Is Hitting the Snooze Button Healthy?

Tara Youngblood Oct 13, 2022

Is hitting the snooze button bad for you?

If you could see yourself hitting the snooze button in the morning, it would probably look more like a science fiction movie with your arm emerging from underneath the covers, flailing around searching for the alarm clock.

Once you locate it, you smack the snooze button for just 10 more minutes of slumber – and 10 minutes later – you crave more sleep, recreating the scene from an alien film.

In this article, we'll cover the following:

Snoozing

Though most people hit the snooze only once, with over 35% of women and 43% of men never needing their alarm after it first buzzes or chimes or plays a popular song, nearly 12% of women and 7% of men hit the snooze button three times. [1]

Nearly 8% of baby boomers, those born between 1946 and 1964, reset their alarm for extra sleep over three times, more than other generations. [2]

Should you feel guilty for wanting your beauty sleep? You stay up watching a ballgame or hang out late with friends and family. You cram for that test past midnight or prepare for the next workday.

Mornings come quickly, and alarm clocks go off sooner than expected.

Is Hitting the Snooze More Than Once Bad?

What we’ve found is that repetitive waking and then dropping back asleep disrupts proper functioning during the daytime hours. Furthermore, it can be harmful to your overall health.

Let’s talk about why this is and the actionable steps you can take to get the restful and restorative sleep you need.

57% of people regularly hit the snooze button, while on average, the snooze button gets hit twice before finally getting up.

Why the Urge to Hit the Snooze?

Getting out of bed when you’re not ready can be quite a drag, especially when you have consistently been shorting yourself on sleep. In one study, over half of the participants admitted to using the snooze button multiple times to get out of bed. [2]

When you first wake, you have sleep inertia to thank for this yearning to snatch that few extra minutes. During this state, you are not really thinking clearly. Alertness, problem-solving, and other cognitive abilities are impaired.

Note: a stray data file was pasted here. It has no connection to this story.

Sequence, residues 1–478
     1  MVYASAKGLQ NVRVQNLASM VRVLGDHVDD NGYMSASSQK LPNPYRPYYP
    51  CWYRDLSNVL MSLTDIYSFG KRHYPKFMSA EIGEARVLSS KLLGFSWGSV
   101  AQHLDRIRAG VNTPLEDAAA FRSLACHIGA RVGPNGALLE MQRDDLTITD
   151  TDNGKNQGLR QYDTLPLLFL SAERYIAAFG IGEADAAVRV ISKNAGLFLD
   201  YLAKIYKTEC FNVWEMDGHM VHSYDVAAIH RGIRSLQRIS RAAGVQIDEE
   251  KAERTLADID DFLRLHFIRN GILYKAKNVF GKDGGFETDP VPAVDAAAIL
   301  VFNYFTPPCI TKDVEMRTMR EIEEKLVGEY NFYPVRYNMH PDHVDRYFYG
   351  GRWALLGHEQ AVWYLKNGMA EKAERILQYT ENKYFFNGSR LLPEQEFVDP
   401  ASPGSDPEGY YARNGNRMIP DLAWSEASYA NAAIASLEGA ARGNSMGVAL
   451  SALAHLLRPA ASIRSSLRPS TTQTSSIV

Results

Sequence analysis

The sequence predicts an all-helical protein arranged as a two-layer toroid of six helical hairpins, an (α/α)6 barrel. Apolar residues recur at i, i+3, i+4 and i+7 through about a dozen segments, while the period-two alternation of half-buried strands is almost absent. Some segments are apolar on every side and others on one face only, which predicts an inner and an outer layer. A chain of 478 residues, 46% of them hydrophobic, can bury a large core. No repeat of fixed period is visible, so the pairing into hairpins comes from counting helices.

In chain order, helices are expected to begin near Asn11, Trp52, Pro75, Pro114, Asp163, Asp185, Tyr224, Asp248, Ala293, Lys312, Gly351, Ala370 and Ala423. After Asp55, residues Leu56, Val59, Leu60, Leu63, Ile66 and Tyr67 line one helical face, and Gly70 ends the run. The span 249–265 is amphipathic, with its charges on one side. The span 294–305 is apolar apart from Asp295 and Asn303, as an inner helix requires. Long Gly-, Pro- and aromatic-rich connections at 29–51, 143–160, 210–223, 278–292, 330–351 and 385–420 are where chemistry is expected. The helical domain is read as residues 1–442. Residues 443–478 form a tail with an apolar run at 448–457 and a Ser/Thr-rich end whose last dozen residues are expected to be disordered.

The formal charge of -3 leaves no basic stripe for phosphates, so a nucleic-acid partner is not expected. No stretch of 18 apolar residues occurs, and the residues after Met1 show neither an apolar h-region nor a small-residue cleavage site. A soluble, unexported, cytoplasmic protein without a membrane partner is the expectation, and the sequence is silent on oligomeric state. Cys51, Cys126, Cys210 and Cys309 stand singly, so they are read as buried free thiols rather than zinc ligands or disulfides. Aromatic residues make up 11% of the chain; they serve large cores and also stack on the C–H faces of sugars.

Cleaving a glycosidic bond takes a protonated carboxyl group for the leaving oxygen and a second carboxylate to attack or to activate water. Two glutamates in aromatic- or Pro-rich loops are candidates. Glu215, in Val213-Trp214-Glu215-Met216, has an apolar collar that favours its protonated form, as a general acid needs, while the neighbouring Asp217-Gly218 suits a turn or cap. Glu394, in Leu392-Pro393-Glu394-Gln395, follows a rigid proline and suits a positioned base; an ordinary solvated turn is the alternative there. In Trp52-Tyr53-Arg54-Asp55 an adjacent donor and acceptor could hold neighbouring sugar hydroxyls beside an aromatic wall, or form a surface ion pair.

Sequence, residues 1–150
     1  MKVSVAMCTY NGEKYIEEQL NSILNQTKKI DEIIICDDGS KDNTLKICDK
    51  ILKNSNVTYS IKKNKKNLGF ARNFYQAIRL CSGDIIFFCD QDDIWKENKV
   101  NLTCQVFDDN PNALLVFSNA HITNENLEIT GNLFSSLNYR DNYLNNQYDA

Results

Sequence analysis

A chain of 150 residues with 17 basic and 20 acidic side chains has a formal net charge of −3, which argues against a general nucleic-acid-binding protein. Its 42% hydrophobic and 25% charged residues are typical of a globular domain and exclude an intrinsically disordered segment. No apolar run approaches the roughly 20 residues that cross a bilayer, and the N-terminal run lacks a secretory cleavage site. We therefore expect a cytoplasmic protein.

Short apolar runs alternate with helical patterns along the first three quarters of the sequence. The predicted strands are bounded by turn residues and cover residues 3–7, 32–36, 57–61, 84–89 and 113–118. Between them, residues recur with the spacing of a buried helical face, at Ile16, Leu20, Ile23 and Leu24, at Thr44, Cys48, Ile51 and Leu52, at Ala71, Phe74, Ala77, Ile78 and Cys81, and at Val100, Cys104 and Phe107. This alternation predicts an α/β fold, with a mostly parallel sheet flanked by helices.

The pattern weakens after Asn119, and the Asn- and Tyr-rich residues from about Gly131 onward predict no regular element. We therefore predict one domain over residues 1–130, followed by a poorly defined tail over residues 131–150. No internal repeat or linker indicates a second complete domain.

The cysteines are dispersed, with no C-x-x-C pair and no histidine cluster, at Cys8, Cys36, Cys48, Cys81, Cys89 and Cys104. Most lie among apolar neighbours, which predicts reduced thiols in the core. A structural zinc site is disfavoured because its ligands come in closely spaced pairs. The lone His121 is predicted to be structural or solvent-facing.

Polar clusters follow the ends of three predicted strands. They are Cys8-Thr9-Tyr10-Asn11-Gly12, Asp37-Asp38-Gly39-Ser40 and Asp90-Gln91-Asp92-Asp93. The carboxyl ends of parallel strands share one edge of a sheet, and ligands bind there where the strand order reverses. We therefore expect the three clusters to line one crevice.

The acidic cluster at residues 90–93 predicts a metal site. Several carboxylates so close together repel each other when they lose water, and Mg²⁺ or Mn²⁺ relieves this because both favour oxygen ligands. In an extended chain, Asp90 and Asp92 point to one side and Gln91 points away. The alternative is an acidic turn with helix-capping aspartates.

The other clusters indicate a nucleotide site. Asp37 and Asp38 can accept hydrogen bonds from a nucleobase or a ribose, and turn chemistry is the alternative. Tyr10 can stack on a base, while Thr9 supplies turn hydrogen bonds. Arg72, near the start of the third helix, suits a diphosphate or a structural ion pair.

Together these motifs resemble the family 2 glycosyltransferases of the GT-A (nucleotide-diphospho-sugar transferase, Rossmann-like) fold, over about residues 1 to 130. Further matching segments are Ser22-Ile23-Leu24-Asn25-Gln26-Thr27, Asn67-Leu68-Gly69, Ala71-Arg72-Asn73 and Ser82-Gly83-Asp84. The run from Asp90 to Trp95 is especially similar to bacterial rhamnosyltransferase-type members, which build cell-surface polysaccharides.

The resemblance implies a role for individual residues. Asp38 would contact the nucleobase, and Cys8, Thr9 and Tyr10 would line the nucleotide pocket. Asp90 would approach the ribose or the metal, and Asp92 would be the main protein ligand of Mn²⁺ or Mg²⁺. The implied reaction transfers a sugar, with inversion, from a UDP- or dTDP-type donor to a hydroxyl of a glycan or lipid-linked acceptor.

You tend to act on impulse rather than thinking logically. Generally, sleep inertia lasts about 30 minutes, although it varies widely depending on the person. [3,4]

Read More: What is Deep Sleep?

Is Snoozing Bad for You?

Occasional use of the snooze button is probably OK. But if you overdo it, it can be extremely problematic for good sleep habits and overall sleep health.

Fragmented Sleep

When you use the snooze button, you become ripe targets for sleep fragmentation.

The body and brain are inherently designed to progress systematically through 4 stages of sleep. Stages 1-3 are known as Non-Rapid Eye Movement (N-REM). Stage 4 is called Rapid Eye Movement (REM) sleep. One round of stages 1-4 lasts (on average) about 90 minutes. [5]

In most cases, when the alarm goes off in the morning, you are transitioning out of REM or light sleep. After you press snooze, you might dive right back into REM, with the alarm jolting you awake a mere nine minutes later.

There’s just not enough time to get back into those normal stages of restorative sleep. [6] This can keep you in that zombie-like state of grogginess even longer and doesn’t really help us out in overall sleep health. [7]

Additional Resource: Want to learn more about the human REM and Non-REM sleep cycles? Check out our in-depth article on Different Types of Sleep Stages.

How Does Snoozing Impact Your Health?

The progression from one sleep stage to the next is guided by a complex series of hormonal, neurochemical, and brain wave pattern changes.

Our bodies and brains respond by promoting the following:

Impact on Your Health

  • Muscle and Bone Growth

  • Relaxation and Stress Relief

  • Memory Consolidation

  • Immune System Function

So, in order to get the required amount of sleep that’s restful and restorative, you need to cycle through between 4 and 6 sleep cycles per night. [8,9]

Dr. Chris Winter, Men’s Health sleep advisor and author of, The Sleep Solution: Why Your Sleep Is Broken and How to Fix It, advises that repeated slamming of the snooze button causes a number of negative health impacts. [10]

Jumbled Hormones